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Wednesday, January 28, 2004

East-West vulnerable. South deals.
x A Q 3
u K 7 5 2
v A 9 8 7 4
w 3
x J 9 7 4 2 x K 10
u Q 9 8 u J 10 6 3
v J v 5 3
w K 10 7 6 w Q 9 5 4 2
x 8 6 5
u A 4
v K Q 10 6 2
w A J 8
The bidding:
1v Pass 1u Pass
1NT Pass 3v Pass
3u Pass 3x Pass
4w Pass 6v Pass
Pass Pass
Opening lead: Four of x
"A strange hand," remarked the kibitzer. "If the finesse was going to work, there was no need to take it!" This is the hand that generated this strange observation.
Despite five-card diamond support, North's one-heart response is correct since finding an eight-card major-suit fit is a primary objective. After North jumped in diamonds, a series of cue-bids landed North-South in six diamonds.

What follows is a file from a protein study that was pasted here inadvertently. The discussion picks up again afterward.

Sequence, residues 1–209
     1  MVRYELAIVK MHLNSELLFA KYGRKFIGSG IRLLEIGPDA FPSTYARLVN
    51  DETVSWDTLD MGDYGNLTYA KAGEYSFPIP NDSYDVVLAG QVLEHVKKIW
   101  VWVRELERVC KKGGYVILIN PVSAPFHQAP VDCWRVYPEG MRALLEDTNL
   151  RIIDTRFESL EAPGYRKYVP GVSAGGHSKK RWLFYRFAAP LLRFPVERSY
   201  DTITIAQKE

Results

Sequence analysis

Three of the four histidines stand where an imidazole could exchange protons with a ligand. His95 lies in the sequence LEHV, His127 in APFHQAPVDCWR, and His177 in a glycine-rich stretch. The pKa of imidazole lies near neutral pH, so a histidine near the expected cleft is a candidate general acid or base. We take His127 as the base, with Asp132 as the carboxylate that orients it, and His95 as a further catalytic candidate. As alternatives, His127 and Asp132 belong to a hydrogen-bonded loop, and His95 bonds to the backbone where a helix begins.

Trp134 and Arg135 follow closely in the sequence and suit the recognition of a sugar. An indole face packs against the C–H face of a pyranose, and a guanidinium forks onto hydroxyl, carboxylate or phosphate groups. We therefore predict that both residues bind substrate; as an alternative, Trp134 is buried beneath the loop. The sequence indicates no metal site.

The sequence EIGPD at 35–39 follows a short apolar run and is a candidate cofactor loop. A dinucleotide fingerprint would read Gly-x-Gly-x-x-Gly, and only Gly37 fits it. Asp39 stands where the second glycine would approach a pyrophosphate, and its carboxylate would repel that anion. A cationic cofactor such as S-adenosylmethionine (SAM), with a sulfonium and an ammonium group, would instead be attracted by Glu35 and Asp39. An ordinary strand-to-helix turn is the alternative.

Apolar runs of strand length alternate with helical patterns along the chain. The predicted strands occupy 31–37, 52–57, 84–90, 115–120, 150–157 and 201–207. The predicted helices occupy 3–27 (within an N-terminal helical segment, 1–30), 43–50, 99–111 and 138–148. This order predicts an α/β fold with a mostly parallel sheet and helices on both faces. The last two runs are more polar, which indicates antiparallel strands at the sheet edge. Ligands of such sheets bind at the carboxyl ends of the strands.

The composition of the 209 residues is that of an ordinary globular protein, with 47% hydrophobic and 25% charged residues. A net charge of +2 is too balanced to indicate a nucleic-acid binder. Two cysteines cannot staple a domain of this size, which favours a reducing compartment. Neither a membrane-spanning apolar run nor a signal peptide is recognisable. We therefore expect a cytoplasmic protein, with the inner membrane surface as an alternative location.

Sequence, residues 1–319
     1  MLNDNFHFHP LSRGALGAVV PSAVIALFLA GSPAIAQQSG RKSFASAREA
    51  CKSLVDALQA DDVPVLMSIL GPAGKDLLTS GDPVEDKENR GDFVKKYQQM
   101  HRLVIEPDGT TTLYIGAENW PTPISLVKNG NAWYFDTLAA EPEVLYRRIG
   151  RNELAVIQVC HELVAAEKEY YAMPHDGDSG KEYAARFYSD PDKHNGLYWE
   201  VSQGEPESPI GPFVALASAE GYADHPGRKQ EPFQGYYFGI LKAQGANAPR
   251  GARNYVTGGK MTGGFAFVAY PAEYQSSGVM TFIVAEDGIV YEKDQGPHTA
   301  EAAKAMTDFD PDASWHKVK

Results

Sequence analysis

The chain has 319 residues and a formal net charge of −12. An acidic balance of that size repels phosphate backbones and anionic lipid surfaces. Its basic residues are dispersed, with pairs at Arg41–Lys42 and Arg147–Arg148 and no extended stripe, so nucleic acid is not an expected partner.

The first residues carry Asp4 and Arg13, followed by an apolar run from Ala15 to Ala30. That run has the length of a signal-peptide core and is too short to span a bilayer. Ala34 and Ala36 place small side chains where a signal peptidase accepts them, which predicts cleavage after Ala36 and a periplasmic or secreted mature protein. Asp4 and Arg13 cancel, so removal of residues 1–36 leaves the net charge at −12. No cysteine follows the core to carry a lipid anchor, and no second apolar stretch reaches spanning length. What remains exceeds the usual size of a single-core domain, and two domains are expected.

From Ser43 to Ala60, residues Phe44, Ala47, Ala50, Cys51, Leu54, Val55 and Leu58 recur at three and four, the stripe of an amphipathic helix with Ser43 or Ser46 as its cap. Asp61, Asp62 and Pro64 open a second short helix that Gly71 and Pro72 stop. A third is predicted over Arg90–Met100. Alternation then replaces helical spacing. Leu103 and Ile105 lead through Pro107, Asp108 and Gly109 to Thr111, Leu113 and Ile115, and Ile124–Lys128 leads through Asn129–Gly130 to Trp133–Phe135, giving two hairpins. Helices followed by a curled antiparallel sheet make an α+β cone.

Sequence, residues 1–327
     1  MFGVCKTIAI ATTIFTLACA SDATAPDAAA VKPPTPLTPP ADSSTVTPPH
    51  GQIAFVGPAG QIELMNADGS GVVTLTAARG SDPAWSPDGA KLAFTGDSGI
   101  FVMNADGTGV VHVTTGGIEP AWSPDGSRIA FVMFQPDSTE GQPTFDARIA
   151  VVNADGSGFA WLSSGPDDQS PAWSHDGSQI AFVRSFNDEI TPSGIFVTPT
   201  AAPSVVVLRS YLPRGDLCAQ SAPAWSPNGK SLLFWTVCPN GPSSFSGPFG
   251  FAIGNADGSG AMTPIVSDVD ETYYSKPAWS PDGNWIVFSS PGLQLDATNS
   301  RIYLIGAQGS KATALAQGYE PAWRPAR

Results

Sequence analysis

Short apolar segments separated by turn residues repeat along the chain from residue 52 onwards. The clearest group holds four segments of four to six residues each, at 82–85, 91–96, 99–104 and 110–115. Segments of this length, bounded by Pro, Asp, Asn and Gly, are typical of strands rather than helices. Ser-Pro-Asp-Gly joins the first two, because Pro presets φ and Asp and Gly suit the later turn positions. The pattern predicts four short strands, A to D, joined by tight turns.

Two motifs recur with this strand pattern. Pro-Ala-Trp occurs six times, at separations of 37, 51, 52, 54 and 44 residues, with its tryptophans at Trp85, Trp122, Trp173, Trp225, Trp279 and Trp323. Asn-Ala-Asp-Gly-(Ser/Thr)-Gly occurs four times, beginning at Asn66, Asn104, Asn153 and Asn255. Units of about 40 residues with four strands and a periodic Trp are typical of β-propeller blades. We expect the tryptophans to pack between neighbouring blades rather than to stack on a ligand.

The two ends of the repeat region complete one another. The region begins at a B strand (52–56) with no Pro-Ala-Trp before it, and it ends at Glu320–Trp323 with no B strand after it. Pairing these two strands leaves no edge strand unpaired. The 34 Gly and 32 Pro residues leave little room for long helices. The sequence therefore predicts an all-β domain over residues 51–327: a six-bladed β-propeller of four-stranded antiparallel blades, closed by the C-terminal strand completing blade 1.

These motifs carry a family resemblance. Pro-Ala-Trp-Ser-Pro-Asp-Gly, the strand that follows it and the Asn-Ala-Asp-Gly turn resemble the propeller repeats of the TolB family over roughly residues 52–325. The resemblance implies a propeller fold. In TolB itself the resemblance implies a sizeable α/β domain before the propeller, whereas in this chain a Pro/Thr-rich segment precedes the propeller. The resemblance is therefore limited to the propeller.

West led a low spade, and declarer had an immediate problem. He gave himself a well thought out second chance via a technique known in the trade as a strip and endplay. Since one spade loser was almost inevitable, the finesse could wait. South rose with dummy's ace, spurning the finesse! Two rounds of trumps were drawn, followed by the ace of clubs and a club ruff. The ace and king of hearts were cashed, a heart was ruffed in the closed hand and South's last club was ruffed on the table. A second heart ruff completed the strip.
The time had come for declarer to lead a spade. When West followed low, declarer inserted the queen. If the finesse would have succeeded at trick one, the queen would have won. But when the lady lost to the king in the East hand, the extra chance came into play via the endplay. East was out of spades and, with only clubs left in hand for him to lead, declarer would be able to discard a spade from one hand while ruffing in the other. Six diamonds bid and made!
XThis column is written by Tannah Hirsch and Omar Sharif. For information about Charles Goren's newsletter for bridge players, call (800) 788-1225 or write Goren Bridge Letter, P.O. Box 4410, Chicago, Ill. 60680
& copy;2004, Tribune Media Services